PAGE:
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Laramie Movie Scope:
About a Boy

Self-centered bachelor transformed by 12-year-old boy

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by Robert Roten, Film Critic
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August 18, 2002 -- Hugh Grant gives one of his best performances in the funny, sophisticated, heartwarming, humanistic comedy, "About a Boy."

Hugh Grant of "Small Time Crooks" plays Will, a self-centered bachelor who does not work, has no friends, doesn't get along well with his family, and who fills his life with trivia, shopping and TV. He has fooled himself into thinking he is happy. He argues that some men are islands and he is one of them. He gets all of his income from royalties from an obnoxious Christmas song his father wrote years ago.

One of his least favorite things to do is to break up with girlfriends, which he has to do periodically so he won't get married or become a father. When his sister confronts him and tells him "You will end up childless and alone." Will replies, "Well, fingers crossed, yeah." Will finally dates a single mother who actually breaks up with him (his facial expressions pretending disappointment when she does so are priceless). He gets the bright idea of finding more single mothers to date and that is how he crosses paths with 11-year-old Marcus (played by Nicholas Hoult). Marcus is the son of a friend of a woman Will is dating. Both women are single mothers and members of a single parents group. When Marcus' mother tries to comit suicide, Marcus decides he needs a "backup" parent, so he tries to arrange a date between Will and his mother, Fiona (played by Toni Collette of "Changing Lanes"), hoping the two get married. Marcus also starts visiting Will every day. He quickly finds out Will has no son. Will has been lying to women in the single parents group in order to pick up dates. This gives Marcus ammunition to use against Will to further his plans.

The film is well-written by Peter Hedges ("A Map of the World"), along with Paul and Chris Weitz ("Antz"), an adaptation of the novel by Nick Hornby. The Weitz brothers also direct the film. It is warmhearted without being overly sentimental. Will's transformation is not miraculous. It is slow and painful and believable. He seems to become more humane in spite of himself. This is not one of those comedies with lower intestinal tract jokes and not one of those where the kids are all smart and the adults are idiots. Marcus is a smart boy, but he doesn't have all the answers. He is just as much in the dark about how to cope with his situation as Will and his mother are. This is a comedy that is more European in its sophistication and timing (it is set in England). Few American comedies are this perceptive about people and as realistic in the way characters are depicted. American comedies tend to be a lot broader and less realistic, relying more on physical comedy than wit and verbal humor.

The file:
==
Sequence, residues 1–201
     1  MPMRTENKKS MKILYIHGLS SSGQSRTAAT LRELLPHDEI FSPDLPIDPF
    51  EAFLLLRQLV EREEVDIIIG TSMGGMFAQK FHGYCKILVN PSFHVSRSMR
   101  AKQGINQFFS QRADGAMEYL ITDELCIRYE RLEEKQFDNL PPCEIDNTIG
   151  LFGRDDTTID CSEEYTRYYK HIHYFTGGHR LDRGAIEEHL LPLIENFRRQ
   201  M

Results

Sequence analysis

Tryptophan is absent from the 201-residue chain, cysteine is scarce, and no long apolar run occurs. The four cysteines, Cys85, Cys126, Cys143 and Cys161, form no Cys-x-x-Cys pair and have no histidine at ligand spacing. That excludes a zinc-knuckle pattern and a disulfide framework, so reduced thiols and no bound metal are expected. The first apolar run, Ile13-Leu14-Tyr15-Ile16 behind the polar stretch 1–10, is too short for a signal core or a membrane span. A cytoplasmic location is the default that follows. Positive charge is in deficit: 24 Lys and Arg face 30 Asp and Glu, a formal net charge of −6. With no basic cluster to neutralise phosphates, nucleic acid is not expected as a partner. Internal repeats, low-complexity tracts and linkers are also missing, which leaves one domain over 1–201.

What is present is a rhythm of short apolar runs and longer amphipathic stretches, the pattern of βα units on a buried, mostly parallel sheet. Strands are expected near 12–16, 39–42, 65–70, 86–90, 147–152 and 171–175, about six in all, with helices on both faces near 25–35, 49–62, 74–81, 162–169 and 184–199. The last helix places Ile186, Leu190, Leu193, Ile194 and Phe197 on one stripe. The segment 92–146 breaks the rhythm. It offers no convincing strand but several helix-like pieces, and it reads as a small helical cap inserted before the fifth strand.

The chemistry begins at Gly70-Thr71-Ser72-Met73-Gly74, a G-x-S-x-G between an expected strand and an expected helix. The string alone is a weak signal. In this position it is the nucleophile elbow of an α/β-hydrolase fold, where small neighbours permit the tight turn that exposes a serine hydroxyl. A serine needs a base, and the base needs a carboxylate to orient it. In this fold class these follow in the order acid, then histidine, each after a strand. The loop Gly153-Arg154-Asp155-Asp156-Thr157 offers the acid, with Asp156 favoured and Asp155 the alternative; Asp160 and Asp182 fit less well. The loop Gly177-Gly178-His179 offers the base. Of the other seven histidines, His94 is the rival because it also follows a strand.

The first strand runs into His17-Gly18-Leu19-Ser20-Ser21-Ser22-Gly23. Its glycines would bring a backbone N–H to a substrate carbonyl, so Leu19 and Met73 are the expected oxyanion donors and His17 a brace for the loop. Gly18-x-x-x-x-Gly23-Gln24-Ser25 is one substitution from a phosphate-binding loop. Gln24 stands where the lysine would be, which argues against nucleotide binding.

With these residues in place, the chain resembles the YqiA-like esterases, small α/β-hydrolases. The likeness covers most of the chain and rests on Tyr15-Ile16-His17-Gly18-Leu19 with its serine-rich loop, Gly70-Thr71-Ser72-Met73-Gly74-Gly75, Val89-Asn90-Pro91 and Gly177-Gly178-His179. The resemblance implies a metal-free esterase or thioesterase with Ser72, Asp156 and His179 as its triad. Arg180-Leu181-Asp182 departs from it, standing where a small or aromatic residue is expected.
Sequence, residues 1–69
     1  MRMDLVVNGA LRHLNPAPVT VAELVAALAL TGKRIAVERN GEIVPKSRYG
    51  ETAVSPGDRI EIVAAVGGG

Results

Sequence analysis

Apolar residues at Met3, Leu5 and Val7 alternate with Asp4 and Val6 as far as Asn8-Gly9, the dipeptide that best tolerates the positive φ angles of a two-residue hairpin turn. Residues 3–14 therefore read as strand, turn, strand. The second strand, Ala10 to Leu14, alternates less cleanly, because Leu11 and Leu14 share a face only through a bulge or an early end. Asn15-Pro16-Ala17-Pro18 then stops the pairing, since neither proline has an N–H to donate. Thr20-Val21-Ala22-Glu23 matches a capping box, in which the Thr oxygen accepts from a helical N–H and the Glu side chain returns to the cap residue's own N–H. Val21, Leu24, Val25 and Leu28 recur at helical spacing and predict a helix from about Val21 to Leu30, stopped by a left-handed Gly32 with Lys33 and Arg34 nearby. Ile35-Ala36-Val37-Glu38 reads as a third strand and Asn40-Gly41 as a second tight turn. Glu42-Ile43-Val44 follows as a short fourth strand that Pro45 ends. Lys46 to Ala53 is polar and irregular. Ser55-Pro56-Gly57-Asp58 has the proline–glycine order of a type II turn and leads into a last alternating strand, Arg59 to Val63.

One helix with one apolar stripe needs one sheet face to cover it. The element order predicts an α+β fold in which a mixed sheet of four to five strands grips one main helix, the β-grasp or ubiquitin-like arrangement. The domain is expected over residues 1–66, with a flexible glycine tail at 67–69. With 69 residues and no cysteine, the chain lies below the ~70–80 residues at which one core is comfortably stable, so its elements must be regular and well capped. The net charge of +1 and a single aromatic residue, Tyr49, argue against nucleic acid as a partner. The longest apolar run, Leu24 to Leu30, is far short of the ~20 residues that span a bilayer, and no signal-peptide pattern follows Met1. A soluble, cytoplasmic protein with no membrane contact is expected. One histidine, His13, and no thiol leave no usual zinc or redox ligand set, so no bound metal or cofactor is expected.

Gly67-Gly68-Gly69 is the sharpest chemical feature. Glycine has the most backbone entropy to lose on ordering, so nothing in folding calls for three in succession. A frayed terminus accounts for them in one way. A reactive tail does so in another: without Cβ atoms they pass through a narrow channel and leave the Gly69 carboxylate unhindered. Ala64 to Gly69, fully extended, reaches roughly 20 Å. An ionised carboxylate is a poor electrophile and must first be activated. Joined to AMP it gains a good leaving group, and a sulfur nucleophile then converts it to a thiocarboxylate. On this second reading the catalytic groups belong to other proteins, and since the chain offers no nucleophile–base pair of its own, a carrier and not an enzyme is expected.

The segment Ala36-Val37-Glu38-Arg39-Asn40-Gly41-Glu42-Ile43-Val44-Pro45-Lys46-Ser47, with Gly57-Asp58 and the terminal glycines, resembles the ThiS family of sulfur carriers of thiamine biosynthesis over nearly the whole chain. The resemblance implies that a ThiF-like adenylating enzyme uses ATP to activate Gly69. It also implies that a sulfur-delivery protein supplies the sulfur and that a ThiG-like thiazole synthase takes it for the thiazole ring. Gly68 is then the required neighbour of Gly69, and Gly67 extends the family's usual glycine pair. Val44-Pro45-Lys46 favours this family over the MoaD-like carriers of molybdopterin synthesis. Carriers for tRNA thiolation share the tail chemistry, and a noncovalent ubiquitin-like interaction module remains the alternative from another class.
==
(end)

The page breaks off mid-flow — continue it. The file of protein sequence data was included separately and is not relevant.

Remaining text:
The comedy is well-directed by the Weitz brothers ("American Pie"), the pace is slow, but steady and assured. Events unfold in an unhurried, believable way. The film is particularly poignant in the way it shows Marcus' pain in school as he is ridiculed and attacked by other children. Grant is perfect in the lead role and Marcus does an excellent job standing up to him. Collette is good as the manic-depressive mother and the supporting roles are ably filled, especially by Rachel Weisz of "Enemy at the Gates" who plays Will's love interest and Victoria Smurfit, who plays Suzie, another single mom wooed by Will. Although Will is portrayed as being shallow, he is still likeable. The film is not a male-bashing slugfest as is now so fashionable. It is more balanced than one would expect from the plot outline.

This is a thoroughly entertaining humanistic comedy (there is not a hint of spirituality in it). It touches upon some interesting ideas. It explores the question of whether or not human beings are really social animals (the "no man is an island" debate). It also makes the rather old-fashioned argument that people aren't truly complete without spouses and children. Of course, you could argue the opposite of these positions just as easily. That's what makes secular humanism such an amorphous philosophy. Human beings are plastic enough to fit a variety of molds, from Bhuddist to Christian to Nazi and from celibate to polygamist. Humanity makes for a very rubbery moral yardstick. This film rates a B.

Click here for links to places to buy this movie in video and/or DVD format, the soundtrack, books, even used videos, games and lots of other stuff. I suggest you shop at least two of these places before buying anything. Prices seem to vary continuously. For more information on this film, click on this link to The Internet Movie Database. Type in the name of the movie in the search box and press enter. You will be able to find background information on the film, the actors, and links to much more information.

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Copyright © 2002 Robert Roten. All rights reserved.
Reproduced with the permission of the copyright holder.
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Robert Roten can be reached via e-mail at my last name at lariat dot org. [Mailer button: image of letter and envelope]

(If you e-mail me with a question about this or any other movie or review, please mention the name of the movie you are asking the question about, otherwise I may have no way of knowing which film you are referring to)